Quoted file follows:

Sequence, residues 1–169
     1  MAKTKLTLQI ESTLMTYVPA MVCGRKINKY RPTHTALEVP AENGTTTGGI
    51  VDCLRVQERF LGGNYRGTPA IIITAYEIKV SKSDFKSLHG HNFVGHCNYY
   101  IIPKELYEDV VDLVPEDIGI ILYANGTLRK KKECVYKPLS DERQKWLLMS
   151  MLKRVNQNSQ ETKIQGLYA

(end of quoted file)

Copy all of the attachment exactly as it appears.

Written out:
Sequence, residues 1–169
     1  MAKTKLTLQI ESTLMTYVPA MVCGRKINKY RPTHTALEVP AENGTTTGGI
    51  VDCLRVQERF LGGNYRGTPA IIITAYEIKV SKSDFKSLHG HNFVGHCNYY
   101  IIPKELYEDV VDLVPEDIGI ILYANGTLRK KKECVYKPLS DERQKWLLMS
   151  MLKRVNQNSQ ETKIQGLYA